This study analyzed the reproducibility and the reliability (between 2 evaluators) of the 6MWT performed on the same day, with a 30 minute interval, and after 14 days, one sample of Brazilian healthy children. The 6MWT proved to be reproducible for these children, and there was moderate to high correlation between the tests performed by both evaluators (1 and 2). The study by Li et al.5 also assessed the interevaluator reliability; therefore, it analyzed the performance of 52 Chinese children, also healthy, in the 6MWT, which also respected the rules established by ATS, being repeated after a two-week interval. The mean age of the participants was superior to that in this study (14.2±1.2 versus 10.28±2.25 years old), which can justify longer WD (659.8±58.1 versus 561.2±38.6 m), besides ethnical differences. Two other studies9 , 10 also observed the reproducibility of the 6MWT in the pediatric population, involving ill participants. Cunha et al. 9 analyzed 49 children and adolescents with cystic fibrosis (11.2±1.9), with moderate bronchial obstruction, and concluded that the 6MWT is reproducible, and that the WD can be related with clinical variables in the studied population. Morinder et al.10 assessed 16 obese children and adolescents (13.2 years old) and observed that the 6MWT is valid and reproducible (ICC=0.84), and the values found by the researchers were considered to be highly reproducible, which corroborates the findings in this study, despite the differences regarding the included population.

With regard to the comparison of WD data on the first and on the second test on both days, this study showed there was no learning effect in the analyzed population of students, unlike the studies conducted with adults7 , 8 , 22 , 26, whose results show that the test repetition generates a learning effect, thus improving the performance of the individual. In this context, Rodrigues et al. 7 observed that people with chronic obstructive pulmonary disease (COPD) presented longer WD in the second 6MWT, from the two that were conducted on alternate days. In that direction, Hernandes et al.8 also assessed the learning effect of the 6MWT in patients with COPD, by using 2 tests conducted on subsequent days, and observed that patients had better performances in the second test, with average increase of 27m, thus characterizing a 7% learning effect. This pattern had been identified in the classic study by Knox et al.26, who analyzed the learning effect of patients with chronic bronchitis in tests performed after consecutive days and weeks. The authors observed more learning effect when tests were repeated in short intervals of time (33% increase in WD), in comparison to the course of consecutive weeks (8-5% increase in WD)26. In this investigation, in general, the performance of children did not improve with the repetition of the 6MWT. On the contrary: there was a tendency, even if not significant, to reduce the WD after each test. This child behavior reinforces the influence of the motivational aspect in this age group, once the matter of "new" represented here by the conduction of the first test, seems to have been essential in the quality of performance, thus reflecting the longest WD among the four analyzed tests. This happens because school-age children are particularly difficult to handle, and cannot be persuaded to a very prolonged active cooperation13. Associated with that, Berleza et al.27 they state that the motivation related to the satisfaction that is inherent to the activity of learning is affected when the child is obliged to perform any action, which is implicit in the command of any physical test, like the 6MWT.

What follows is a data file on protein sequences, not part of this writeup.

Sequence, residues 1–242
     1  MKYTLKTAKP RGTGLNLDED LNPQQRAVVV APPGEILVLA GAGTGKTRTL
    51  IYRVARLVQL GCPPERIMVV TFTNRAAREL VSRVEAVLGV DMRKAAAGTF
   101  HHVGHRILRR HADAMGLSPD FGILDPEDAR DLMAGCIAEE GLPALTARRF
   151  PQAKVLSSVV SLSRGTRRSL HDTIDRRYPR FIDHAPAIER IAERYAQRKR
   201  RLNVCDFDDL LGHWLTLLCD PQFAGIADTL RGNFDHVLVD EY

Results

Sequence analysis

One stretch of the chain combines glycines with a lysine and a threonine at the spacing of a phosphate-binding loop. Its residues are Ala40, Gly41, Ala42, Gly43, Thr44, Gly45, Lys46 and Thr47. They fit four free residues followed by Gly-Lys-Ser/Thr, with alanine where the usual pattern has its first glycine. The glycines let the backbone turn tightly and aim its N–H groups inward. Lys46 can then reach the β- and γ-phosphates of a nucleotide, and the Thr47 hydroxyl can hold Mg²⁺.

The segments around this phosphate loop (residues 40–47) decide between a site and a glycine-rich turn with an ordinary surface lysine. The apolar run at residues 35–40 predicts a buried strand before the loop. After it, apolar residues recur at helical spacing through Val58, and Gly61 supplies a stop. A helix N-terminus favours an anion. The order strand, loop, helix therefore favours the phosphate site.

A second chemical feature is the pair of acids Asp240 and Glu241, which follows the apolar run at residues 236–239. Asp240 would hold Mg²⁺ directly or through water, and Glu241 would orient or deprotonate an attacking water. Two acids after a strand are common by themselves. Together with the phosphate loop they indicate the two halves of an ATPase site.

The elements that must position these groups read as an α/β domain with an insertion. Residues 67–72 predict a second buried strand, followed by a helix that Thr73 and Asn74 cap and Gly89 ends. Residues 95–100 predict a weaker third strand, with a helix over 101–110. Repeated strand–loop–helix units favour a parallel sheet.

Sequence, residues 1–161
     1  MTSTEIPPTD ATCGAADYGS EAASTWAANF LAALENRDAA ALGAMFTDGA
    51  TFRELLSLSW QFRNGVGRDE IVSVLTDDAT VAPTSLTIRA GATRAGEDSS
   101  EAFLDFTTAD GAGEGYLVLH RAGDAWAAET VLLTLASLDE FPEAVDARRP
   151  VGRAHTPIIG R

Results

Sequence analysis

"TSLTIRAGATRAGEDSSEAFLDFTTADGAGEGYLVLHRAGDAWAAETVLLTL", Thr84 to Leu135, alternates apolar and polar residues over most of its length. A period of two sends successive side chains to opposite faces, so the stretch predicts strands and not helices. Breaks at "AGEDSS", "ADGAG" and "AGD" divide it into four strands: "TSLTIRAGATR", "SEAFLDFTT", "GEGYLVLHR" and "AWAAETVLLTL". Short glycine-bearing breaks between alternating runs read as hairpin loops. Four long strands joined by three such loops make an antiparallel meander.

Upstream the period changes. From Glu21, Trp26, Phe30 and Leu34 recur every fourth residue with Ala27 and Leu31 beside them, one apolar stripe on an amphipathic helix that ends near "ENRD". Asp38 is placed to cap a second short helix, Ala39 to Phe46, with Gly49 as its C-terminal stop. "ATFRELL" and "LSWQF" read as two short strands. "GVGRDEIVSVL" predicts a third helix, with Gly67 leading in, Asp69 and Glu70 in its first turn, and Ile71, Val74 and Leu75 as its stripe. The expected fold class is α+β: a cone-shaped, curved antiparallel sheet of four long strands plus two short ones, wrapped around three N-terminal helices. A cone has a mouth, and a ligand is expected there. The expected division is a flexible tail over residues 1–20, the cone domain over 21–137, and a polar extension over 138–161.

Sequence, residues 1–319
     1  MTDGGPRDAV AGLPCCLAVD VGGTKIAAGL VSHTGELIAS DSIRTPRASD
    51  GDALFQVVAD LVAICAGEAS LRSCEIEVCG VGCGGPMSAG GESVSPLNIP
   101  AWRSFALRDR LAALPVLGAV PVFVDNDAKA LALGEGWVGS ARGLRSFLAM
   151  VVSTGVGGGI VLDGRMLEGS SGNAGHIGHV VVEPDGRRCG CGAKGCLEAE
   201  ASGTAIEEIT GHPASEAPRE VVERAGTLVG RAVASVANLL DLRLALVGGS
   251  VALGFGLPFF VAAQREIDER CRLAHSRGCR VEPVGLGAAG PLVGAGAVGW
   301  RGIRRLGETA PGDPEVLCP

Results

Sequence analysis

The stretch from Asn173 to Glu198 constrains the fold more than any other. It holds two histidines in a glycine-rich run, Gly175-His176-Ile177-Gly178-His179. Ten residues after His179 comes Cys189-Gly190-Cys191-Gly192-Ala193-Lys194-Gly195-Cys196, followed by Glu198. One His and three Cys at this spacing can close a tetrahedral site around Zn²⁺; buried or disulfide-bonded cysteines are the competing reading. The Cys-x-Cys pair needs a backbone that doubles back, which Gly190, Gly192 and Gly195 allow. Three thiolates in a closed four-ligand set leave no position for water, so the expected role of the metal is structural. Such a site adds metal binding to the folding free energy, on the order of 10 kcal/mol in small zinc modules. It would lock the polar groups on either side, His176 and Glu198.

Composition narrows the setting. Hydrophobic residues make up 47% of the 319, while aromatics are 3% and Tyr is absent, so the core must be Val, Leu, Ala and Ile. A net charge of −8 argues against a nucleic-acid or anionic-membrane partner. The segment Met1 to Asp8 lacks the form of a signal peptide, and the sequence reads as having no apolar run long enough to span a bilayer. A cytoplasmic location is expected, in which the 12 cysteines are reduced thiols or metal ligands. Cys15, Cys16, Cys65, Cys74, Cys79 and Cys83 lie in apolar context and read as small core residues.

Based on that, the result of the 6MWT presented here seems to have been influenced by the motivation generated by the news and the challenge, and not by the repetition (learning effect) of the activity. This discussion is extremely relevant, once the consensus of the 6MWT3 requires that two tests should be conducted to assess functional capacity, and this study shows the reproducibility of this number of executions. Therefore, the 6MWT proved to a reproducible test among children aged from 6 to 14 years old, and the population assessed here presented the tendency to perform better in the first test, which requires new lines of investigation. However, the possibility of influence of the second examiner in the results of this investigation should be mentioned, once, despite standardization, one different evaluator may change the children's response, since they can feel more or less motivated.

One possible setback in this study is related to the level of understanding inherent to the age group, since the younger children had difficulties to perform the spirometry test in the process of sample selection. Even though the study included only students aged more than 6 years old, which is the minimum age to obtain the acceptability and reproducibility criteria of the exam, this event was observed. Besides, this factor, even though the practice of physical activities has been controlled by the application of the health survey, active children, with good physical performance, may have participated in this study, and that may also have influence the results.

CONCLUSION

The 6MWT demonstrated to be reproducible and reliable among healthy Brazilian children aged between 6 and 14 years old.

ACKNOWLEDGEMENTS

The authors would like to thank the research group from Núcleo de Fisioterapia em Pneumologia Pediátrica (NuFiPP), for the collaboration and support to collect data in this study, and to the members of Núcleo de Assistência, Ensino e Pesquisa em Reabilitação Pulmonar (NuReab), for the discussions and contributions in the statistical analysis of the study.

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Financing source: none

Study conducted at in the Center of Health Sciences and Sports of Universidade do Estado de Santa Catarina (UDESC) - Florianópolis (SC), Brazil

Received: June 2014; Accepted: August 2014

Correspondence to: Camila Isabel Santos Schivinski - Rua Pascoal Simone, 358 - Coqueiros - CEP: 88080-350 - Florianópolis (SC), Brasil - E-mail: cacaiss@yahoo.com.br

Conflict of interests: nothing to declare